posted on Oct, 29 2004 @ 04:31 PM
link   
Thank you, Bios...this is very informative.

Thanks for the time and effort put into this!



posted on Oct, 29 2004 @ 04:56 PM
link   
As an addendum to this thread it was announced today (Oct. 29, 2004) that the National Missile Defense shield would be operational by years end.
In an article entitled "U.S. Set to Have Missile Defense by Year's End", it is said that the US Missile Defense Command has built, tested and verified an initial defense operations capability, and is prepared to put it online while continuing testing and development on the in-place hardware and software.

Fort Greely, Alaska, now has 5 ground-based interceptors in place and is set to receive the 6th next week ( first week of November) with an additional 20 interceptors on the way.

Ground-based midcourse defense is the centerpiece of the operation, and is also the phase that is going into the "black". The mid-course phase contains one of the largest fire control loops ever built with 20,000 miles of fiber optic cable and nine satellite communications links.

Vandenberg Air Force Base, Calif., is coming online before the end of 2004 with four more silos and an in-flight communication system.

Beale Air Force Base, CA, has been totally revamped with the installation of advanced technology computing hardware inside the AFB's radar. It is currently going through final testing and will be online by the end of December 2004.

Looking a little further forward in the future, by the end of 2005, the largest X-band radar for target tracking and identification ever built will be completed. Built on a floating platform, the structure has four pontoons each the size of a fleet ballistic missile submarine. The structure is 14 stories tall and the radar is 110 feet tall.

Thomas M. Devanney, a program director for the Space and Missile Defense Command agency says that "The defense system now has the infrastructure and testing simulations to provide confidence..."

Source:
(US Army Press Release; issued Oct. 28, 2004)


[edit on 29-10-2004 by bios]



posted on Oct, 29 2004 @ 05:15 PM
link   
Great post


I on;y had time to look it over since I'm swamped right now but I will see what I can dig up later.



posted on Oct, 29 2004 @ 05:51 PM
link   
Good post, I've read about the X-Band Radar, and if its size doesn't impress you then this will "It can see an object the size of a golf ball at a distance of 1,000 miles.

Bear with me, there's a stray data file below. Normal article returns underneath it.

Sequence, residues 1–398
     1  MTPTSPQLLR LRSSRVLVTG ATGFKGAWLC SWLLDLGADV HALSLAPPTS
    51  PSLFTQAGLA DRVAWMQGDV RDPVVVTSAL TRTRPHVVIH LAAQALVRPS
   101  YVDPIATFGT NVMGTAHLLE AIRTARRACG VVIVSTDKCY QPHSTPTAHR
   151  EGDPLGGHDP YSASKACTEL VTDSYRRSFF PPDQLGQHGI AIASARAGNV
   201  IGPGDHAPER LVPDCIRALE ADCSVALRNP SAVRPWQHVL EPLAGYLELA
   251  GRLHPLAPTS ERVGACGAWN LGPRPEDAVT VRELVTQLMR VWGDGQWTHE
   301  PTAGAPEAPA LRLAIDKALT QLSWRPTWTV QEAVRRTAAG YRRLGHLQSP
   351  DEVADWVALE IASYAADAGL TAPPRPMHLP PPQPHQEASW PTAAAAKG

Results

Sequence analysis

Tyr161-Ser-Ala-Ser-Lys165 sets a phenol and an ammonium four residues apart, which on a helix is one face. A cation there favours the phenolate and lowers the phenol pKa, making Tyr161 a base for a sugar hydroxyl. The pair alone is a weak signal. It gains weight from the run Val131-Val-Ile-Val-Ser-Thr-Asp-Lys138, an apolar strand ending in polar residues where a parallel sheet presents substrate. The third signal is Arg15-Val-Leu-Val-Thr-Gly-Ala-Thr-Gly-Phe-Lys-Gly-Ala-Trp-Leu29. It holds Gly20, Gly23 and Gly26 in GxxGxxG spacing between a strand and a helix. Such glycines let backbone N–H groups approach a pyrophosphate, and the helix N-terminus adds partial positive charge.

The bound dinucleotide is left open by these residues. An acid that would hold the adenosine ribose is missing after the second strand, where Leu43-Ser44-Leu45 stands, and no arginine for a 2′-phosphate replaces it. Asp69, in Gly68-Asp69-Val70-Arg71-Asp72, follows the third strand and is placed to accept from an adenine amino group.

I think the threat of a missile being fired by another country aimed at the US is slim, but never the less the threat is still there. I think Russia is currently the only country with a missile defence network.

I have no doubt that if an enemy nation fires a missile that we will be able to find it and track it, but hitting it is a whole nother ball game. Over time though I think that the network will increasingly become better.

What i'm curious about is if we could launch a interceptor missile at it in time, like if we detected a missile in the middle of the ocean heading our way I think we could stop it. But what if that missile is on a sub that gets close to the US, and then fires it. Or even worse, its on a "what appears to be" a cargo ship, that has a big container in the middle of it, and then when its a hundred or so miles off the US coast the container open up, the missile then gets lifted into its vertical position, then fires. I highly doubt the US could find, tack, and intercept that missile before its impact.

ship firing ballistic missile at Cali - 55mb vid, right click to download (save target as)



posted on Oct, 29 2004 @ 06:42 PM
link   

Originally posted by Murcielago
What i'm curious about is if we could launch a interceptor missile at it in time, like if we detected a missile in the middle of the ocean heading our way I think we could stop it. But what if that missile is on a sub that gets close to the US, and then fires it. Or even worse, its on a "what appears to be" a cargo ship, that has a big container in the middle of it, and then when its a hundred or so miles off the US coast the container open up, the missile then gets lifted into its vertical position, then fires. I highly doubt the US could find, tack, and intercept that missile before its impact.